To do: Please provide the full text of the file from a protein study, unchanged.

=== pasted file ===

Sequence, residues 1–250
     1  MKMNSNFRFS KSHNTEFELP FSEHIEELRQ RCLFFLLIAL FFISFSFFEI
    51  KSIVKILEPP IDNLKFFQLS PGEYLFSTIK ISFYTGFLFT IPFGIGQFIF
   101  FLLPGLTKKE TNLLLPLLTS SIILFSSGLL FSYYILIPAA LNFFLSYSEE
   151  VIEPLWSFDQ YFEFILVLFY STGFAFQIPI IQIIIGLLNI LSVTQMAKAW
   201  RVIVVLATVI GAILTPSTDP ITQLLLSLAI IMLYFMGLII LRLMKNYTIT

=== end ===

Sequence, residues 1–250
     1  MKMNSNFRFS KSHNTEFELP FSEHIEELRQ RCLFFLLIAL FFISFSFFEI
    51  KSIVKILEPP IDNLKFFQLS PGEYLFSTIK ISFYTGFLFT IPFGIGQFIF
   101  FLLPGLTKKE TNLLLPLLTS SIILFSSGLL FSYYILIPAA LNFFLSYSEE
   151  VIEPLWSFDQ YFEFILVLFY STGFAFQIPI IQIIIGLLNI LSVTQMAKAW
   201  RVIVVLATVI GAILTPSTDP ITQLLLSLAI IMLYFMGLII LRLMKNYTIT